Thursday, April 24, 2014

Listening with our hearts

"Do you talk to Jesus, Papa?"

"Every day," Pappa Bear said. "All day."

"Does he talk back?"

"In a way. It's like he whispers in my heart."

"In your heart? I thought we listened with our ears?"

"We do, but to hear Jesus, it takes a special kind of listening."

-God Gave us Easter by Lisa Tawn Bergren

I'm in the middle of reading Heaven is for Real by Todd Burpo because my friend wants to see the movie this weekend. It is blowing my mind. I'm not the type to reference Jesus or my religion in my every day life and moments, but I have a deep faith rooted in my religious upbringing. I pray and I attribute my blessings and life lessons to a higher power and I have conversations with my kids regarding Jesus in the simplest of terms. With Easter just passing, this book is having a really huge impact on me. I completely believe this kid went to Heaven, and I'm loving the visual picture he is presenting to me, especially now that I can relay this to my kids from another kid's perspective. I wish I would have read it before Easter. It would have been a good aid in teaching my kids--as the boy in the book so simply puts--that Jesus dies so we can go live with his dad one day. But since I hadn't sunk my teeth into this book yet, we relied on a different book I came across at Walmart, quoted above, God Gave us Easter. It was definitely a nice starting point to discuss Jesus' role in our lives.

A few weeks prior to Easter, we hauled out the Easter baskets and plastic eggs and bunny ears and started decorating our house for the holiday. We hid the plastic eggs and went on egg hunts, which really is more accurately described as placing eggs out in plain sight and then collecting them again since neither boy is really too interested in investing the energy to unearth them in hidden places yet. We also planted ourselves at the kitchen table at various times throughout the weeks and crafted. Egg garlands made from paint sample cards. Collage eggs. Egg carton wreaths. Egg-shaped bunnies. Chalk-resistant eggs. Stained glass crosses. Dyed easter eggs with homemade Kool-Aid dye that managed to stain their hands as well. And a keepsake project with their foot prints as Easter bunnies.

I dressed them in their Easter outfits and conducted a mini photo shoot. Bribery of candy was involved. And lots of begging (from me) and goofing off (from them).

We made the requisite trip to the mall to visit the Easter Bunny. I was too cheap to spend $15 on two 5x7s, so I stepped off the set (as required by the "mall policies") and snapped some with my iPhone. And all week long I was introducing the idea to the boys that sometimes the Easter Bunny is far too busy to be able to make every Easter egg hunt and party. In these instances, he calls upon his friends for help. This happened to be the case the Saturday before Easter when we had planned on visiting the bunny at the VFW. Daddy received a phone call from the Easter Bunny himself asking if he could please fill in for him. The boys didn't question this at all and were thrilled that their daddy was friends with the Easter Bunny. They told everyone who was willing to listen or within earshot that he was their daddy, beaming with pride. Me? I was barely able to contain my laughter at how absurd my husband looked in his bunny costume.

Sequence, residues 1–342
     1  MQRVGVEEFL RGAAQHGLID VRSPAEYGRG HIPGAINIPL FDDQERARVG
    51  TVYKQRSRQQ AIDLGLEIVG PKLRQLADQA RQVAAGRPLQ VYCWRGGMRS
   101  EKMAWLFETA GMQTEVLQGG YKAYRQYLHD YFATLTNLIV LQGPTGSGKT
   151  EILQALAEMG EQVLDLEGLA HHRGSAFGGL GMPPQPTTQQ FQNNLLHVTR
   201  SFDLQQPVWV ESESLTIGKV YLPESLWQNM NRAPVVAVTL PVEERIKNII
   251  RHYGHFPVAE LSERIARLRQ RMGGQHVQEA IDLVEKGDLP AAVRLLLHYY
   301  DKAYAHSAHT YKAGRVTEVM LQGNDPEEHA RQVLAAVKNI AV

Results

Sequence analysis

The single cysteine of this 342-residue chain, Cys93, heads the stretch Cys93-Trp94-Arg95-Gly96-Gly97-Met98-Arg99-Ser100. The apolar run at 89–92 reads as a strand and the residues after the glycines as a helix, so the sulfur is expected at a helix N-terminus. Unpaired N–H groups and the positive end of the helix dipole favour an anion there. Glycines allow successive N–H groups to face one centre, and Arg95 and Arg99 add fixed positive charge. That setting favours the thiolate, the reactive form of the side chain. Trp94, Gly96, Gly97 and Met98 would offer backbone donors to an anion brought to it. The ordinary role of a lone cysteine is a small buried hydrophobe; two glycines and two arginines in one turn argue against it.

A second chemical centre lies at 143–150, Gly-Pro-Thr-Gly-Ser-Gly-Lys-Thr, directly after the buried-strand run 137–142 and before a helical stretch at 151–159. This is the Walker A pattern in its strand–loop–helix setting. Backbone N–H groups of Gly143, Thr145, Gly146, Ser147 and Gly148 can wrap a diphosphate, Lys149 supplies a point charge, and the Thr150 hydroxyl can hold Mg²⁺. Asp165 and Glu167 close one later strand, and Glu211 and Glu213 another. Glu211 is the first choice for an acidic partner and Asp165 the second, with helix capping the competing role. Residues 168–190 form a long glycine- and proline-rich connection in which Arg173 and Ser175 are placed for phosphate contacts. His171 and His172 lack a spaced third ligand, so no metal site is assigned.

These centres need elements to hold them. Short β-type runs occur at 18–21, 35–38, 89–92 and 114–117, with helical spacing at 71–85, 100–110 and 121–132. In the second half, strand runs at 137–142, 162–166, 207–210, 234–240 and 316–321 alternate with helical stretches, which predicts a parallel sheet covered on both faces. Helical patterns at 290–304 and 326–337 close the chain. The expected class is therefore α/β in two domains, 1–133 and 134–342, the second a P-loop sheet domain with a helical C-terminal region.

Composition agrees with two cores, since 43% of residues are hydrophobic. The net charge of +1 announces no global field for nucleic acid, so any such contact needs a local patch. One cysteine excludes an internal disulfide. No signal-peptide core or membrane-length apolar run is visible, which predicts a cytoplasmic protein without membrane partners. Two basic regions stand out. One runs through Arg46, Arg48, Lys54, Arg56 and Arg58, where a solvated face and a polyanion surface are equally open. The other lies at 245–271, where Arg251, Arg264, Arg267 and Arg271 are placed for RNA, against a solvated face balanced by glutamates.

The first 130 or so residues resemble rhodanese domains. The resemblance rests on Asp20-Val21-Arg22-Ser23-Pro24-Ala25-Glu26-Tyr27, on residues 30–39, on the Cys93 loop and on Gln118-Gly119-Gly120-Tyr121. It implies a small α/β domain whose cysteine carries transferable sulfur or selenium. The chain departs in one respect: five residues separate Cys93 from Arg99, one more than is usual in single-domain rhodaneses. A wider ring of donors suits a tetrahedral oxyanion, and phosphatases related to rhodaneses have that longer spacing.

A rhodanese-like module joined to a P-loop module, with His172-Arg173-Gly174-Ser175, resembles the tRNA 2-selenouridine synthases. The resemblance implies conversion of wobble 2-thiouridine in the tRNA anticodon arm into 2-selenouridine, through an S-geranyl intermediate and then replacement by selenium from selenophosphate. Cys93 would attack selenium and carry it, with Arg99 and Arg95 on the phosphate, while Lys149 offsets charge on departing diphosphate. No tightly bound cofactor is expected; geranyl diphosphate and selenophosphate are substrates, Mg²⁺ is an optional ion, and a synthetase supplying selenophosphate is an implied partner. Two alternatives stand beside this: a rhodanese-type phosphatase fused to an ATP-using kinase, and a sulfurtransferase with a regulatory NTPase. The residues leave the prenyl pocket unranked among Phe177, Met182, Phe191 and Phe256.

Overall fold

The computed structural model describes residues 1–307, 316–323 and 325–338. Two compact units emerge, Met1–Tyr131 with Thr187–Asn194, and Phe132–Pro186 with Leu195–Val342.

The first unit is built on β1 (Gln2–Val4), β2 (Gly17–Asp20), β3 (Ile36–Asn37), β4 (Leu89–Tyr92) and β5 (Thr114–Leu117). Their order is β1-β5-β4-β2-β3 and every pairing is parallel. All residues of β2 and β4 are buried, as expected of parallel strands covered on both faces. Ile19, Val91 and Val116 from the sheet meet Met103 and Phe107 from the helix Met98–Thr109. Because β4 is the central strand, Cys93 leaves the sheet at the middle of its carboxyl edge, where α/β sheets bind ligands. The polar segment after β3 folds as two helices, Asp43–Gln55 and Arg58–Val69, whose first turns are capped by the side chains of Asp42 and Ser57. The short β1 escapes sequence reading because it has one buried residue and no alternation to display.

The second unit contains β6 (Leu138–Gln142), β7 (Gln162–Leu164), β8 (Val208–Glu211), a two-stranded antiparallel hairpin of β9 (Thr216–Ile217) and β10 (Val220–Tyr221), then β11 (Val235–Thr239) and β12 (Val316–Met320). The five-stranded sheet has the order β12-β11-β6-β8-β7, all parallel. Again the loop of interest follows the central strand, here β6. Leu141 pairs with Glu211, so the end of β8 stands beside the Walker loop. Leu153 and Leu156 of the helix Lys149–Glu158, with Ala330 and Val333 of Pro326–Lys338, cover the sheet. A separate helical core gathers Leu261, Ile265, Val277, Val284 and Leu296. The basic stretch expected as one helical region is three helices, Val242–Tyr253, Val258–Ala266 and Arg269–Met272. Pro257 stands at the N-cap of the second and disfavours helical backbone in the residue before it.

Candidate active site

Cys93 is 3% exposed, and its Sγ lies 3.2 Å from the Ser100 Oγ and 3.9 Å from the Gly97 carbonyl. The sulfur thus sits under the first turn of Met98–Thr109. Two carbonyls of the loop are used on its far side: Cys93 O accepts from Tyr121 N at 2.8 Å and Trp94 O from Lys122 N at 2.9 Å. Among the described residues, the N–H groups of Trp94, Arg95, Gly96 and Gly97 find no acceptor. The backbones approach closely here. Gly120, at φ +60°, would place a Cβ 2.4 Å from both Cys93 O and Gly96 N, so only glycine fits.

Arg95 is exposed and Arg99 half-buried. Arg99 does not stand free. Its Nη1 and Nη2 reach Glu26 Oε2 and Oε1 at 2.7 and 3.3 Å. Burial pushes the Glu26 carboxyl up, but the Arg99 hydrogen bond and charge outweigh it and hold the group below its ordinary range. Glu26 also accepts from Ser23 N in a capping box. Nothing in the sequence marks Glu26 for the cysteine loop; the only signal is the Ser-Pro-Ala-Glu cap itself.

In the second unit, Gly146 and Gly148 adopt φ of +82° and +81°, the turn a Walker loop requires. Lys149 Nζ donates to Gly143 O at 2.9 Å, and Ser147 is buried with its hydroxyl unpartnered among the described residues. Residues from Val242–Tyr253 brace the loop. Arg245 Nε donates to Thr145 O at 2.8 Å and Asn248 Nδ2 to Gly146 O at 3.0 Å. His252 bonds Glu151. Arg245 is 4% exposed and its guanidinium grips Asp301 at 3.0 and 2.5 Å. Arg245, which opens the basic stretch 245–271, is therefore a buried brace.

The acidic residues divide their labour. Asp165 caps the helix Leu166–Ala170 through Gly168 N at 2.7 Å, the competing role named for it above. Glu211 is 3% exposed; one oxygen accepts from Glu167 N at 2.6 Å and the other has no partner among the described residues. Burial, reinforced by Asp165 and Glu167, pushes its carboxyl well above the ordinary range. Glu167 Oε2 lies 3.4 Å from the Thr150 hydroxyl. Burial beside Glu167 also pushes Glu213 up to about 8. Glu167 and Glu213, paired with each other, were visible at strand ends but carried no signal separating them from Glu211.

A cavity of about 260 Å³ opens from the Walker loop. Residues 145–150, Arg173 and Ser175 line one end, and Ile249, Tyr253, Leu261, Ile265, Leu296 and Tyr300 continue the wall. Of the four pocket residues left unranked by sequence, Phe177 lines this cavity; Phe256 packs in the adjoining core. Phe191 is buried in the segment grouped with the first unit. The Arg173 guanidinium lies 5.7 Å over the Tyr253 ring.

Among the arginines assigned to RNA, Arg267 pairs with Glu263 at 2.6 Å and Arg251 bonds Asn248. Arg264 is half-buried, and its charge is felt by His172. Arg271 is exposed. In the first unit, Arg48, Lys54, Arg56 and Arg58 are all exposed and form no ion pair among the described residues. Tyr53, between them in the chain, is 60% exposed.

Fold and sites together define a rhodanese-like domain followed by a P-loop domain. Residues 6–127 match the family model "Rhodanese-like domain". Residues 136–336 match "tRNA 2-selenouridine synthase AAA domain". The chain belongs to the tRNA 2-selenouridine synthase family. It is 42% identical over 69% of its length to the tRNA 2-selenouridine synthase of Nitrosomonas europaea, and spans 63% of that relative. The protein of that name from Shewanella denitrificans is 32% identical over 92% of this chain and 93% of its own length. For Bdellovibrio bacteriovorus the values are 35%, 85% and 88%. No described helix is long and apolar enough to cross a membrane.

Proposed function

As with every holiday in our family, we have traditions we follow. Our Easter tradition started before we were parents, when Dave and I were newlyweds, looking forward to the future when we'd spend the holiday with our children. We created scavenger hunts for each other to locate our baskets. We'd hand write the clues on scraps of paper and tuck them in plastic eggs, each clue leading to another clue and, ultimately, to our hidden basket full of goodies. Candy, flip flops, books, clothes, etc. Each Easter morning I was giddy, anticipating the day we'd be conducting these traditions with our kids. Now fast forward to the present day. Spencer awoke Easter morning, rushing into the living room to sneak a peak at what the Easter Bunny delivered. He declared later that he was right and Ashton was wrong: the Easter Bunny did, in fact, hide the baskets again this year. Grinning, I played along with the charade. "He hid the baskets AGAIN?! That bunny sure is a sneaky one!" The scavenger hunt began with a note written on bunny stationery, the first clue described in a p.s. at the end of the letter. Spencer scrambled to the destination, Ashton reluctantly following. Ashton was as ambivalent to the exercise as Spencer was excited. Spencer rushed to each egg, listened to the clue, and then was off to locate the next egg. Ashton didn't pick up on the excitement until the hidden baskets were revealed and he was kneeled before them with all the loot spilling out.

We made the trek back to my Aunt Velda's farm that morning, picking up Aunt Hopey along the way. The rainy morning made way for a warm spring day. We shed layers and basked in the warmth of the sun. As soon as we stepped out of the truck, we were greeted by little Gwenny, my cousin's daughter, who took Ashton's hand and lead him to a dirt pile where the cousins were already busy playing with trucks and shovels. He contentedly played there for a long while, not to be coaxed away. Spencer, on the other hand, discovered the farm animals and he settled right in, feeding them hay out of his hands. He informed Dave that he'd be there all day and to come get him when we were ready to leave. He was pretty true to his word, leaving only to eat and collect eggs during the big Easter egg hunt. My mom, having just moved across the country, was absent for the first holiday possibly ever, and that was definitely a strange thing. But I love being surrounded by the family that has known me since I was a little girl. That makes a holiday feel like a holiday to me.

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